The spread of the epidemic around the world will tighten the supply chain of car companies, and whether this will affect the production capacity of Tesla's US plants has attracted much attention.

Affected by the Spring Festival and the epidemic of pneumonia infected with new coronavirus, Tesla registered 3,563 new cars in China in January, which was a decrease of 46.36% compared with 6,743 in December last year.

The resumption of Tesla's super factory in China is also delayed until February 10, which will affect the delivery time of the Chinese-made Model 3 originally scheduled to be delivered in February to a certain extent.

At a recent conference call for the fourth quarter of fiscal 2019 held by Tesla, Tesla Chief Financial Officer Zach Kirkhorn said that delivery of the Model 3 made in Shanghai would be delayed by 1 to 1.5 weeks.

Tesla's global vice president Grace Tao also said on social media that it currently appears that delivery originally scheduled for early February after the Spring Festival will be postponed, and Tesla will try its best to postpone the speed before the situation improves. Various plans are being developed.

Although the former said that this had limited impact on Tesla's earnings for the quarter, Tesla's stock price has fallen sharply recently due to the outbreak affecting global investors' concerns about the slowdown in economic growth. Investment institutions including Morgan Stanley Its market outlook has also expressed concern.

As the epidemic spreads, investment institutions are indeed starting to focus on Tesla's expected capacity and delivery issues. In 2019, Tesla delivered 367,500 vehicles worldwide, and the Chinese market also delivered 42,000 vehicles.

In expectations for 2020, Tesla has set an annual delivery target of 500,000 vehicles, an increase of about 40% over 2019. The confidence behind the expected growth comes from the commissioning of a Chinese-based super plant and the further expansion of demand.

Since February 10, Tesla's factory in China has been officially resumed. Officials from the Lingang New Area Management Committee have mentioned that it is expected that the super factory will achieve a capacity of about 12,000 vehicles per month, and this number will gradually rise.

However, industry insiders believe that Tesla's production capacity is still affected by the resumption of work by component suppliers.

Kirkhorn said during the Tesla earnings call that he was "paying close attention to whether the supply chain for cars produced in Fremont, U.S.A., would be disrupted."

From the current point of view, the component supply chain systems of multinational automobile companies are all affected to varying degrees. U.S. auto companies, including GM, are using charter flights to airlift Chinese parts and components to the United States to ensure the start of local factories.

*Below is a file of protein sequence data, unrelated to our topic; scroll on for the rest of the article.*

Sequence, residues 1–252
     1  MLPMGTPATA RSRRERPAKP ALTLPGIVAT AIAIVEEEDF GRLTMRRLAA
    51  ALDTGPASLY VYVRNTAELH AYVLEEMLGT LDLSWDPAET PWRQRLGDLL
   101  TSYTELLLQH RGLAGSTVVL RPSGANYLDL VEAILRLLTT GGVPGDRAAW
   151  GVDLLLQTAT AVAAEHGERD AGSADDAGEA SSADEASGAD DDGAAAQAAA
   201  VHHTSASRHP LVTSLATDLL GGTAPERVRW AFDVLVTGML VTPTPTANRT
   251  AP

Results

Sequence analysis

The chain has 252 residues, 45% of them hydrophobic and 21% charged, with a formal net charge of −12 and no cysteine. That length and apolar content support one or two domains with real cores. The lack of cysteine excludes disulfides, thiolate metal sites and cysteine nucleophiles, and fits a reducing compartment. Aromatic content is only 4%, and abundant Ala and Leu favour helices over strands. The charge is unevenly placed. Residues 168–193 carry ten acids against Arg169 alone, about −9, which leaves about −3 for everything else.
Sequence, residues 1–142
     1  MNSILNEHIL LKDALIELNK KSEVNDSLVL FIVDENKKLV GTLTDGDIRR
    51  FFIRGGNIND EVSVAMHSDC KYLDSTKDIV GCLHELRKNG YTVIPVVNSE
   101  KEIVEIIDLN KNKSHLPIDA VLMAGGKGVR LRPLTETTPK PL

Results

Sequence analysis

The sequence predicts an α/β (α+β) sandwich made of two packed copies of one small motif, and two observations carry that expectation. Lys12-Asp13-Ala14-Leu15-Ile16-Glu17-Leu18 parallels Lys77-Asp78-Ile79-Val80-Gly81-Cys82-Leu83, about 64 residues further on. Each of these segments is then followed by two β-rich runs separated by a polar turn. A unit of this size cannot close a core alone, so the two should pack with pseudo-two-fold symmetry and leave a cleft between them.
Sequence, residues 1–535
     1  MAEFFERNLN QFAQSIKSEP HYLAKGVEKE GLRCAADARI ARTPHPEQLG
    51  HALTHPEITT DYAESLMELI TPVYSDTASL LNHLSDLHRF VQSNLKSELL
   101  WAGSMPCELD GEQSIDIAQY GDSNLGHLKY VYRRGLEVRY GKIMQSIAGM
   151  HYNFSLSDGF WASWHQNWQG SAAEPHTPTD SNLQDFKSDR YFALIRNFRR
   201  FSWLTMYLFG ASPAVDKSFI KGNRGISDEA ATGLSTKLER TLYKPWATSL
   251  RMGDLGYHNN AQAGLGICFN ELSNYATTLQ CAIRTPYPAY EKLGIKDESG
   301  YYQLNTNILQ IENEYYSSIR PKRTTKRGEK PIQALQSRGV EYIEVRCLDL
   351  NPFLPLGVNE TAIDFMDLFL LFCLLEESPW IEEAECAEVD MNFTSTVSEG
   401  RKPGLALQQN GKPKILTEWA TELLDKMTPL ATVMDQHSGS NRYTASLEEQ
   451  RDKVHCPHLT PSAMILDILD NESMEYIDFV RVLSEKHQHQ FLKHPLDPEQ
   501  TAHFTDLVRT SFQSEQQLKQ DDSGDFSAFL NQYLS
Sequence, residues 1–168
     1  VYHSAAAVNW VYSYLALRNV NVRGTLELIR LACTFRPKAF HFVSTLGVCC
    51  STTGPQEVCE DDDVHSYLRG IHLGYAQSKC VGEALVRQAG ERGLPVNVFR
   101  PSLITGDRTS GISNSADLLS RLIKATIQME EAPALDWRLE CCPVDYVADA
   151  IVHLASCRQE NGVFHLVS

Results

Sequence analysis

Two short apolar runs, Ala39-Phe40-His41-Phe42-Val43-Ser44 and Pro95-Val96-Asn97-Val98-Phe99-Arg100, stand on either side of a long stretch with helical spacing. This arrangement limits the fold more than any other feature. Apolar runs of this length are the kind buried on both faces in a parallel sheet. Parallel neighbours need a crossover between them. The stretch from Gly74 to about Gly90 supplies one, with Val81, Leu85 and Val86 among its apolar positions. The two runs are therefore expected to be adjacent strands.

According to Reuters, due to the impact of the new crown pneumonia epidemic on the supply chain, Jaguar Land Rover, Britain ’s largest automaker, will bring Chinese parts to the UK by air to maintain production, but it can only meet two weeks of production.

CFRA analyst Garrett Nelson said that Tesla is more worried about the spread of the virus than other automakers because Tesla's short-term car production and revenue growth are very dependent on its presence in China.

In addition to production, whether Tesla can successfully achieve the delivery target of 500,000 vehicles also depends on the following two factors: First, whether the epidemic will affect the demand for new energy vehicles, especially in the Chinese market.

According to the February market retail statistics from the Secretary General of the National Passenger Federation, Cui Dongshu, by February 23, the domestic retail sales of passenger cars in a single day were only over 3,000, down 89% year-on-year.

Therefore, he expects the market retail volume in February to fall by 75% year-on-year. Under such a bleak background, market consumption expectations are also falling.

The second factor is security. A hearing by the National Transportation Safety Board ("NTSB") on Tuesday (February 25) also raised concerns among investment institutions about Tesla's performance.

The incident stems from a car accident nearly two years ago. Mr. Huang, a 38-year-old Apple software engineer, drove to work in Mountain View, California.

Because of using Tesla's Autopilot function, he had been using an iPhone to play mobile games for a period of time before the car accident and was killed when the car hit a roadblock.

The NTSB believes that Tesla does not provide an effective way to monitor the driver's investment in driving tasks. If Tesla does not add new safety measures and restricts Autopilot to use only outside its promoted functions, then it will happen in the future. The risk of accidents will still exist.

Although before that, car accidents caused by Tesla's Autopilot function have occurred many times and Tesla's market share has been expanding, the detailed disclosure of NTSB's findings will undoubtedly make Tesla's performance uncertain.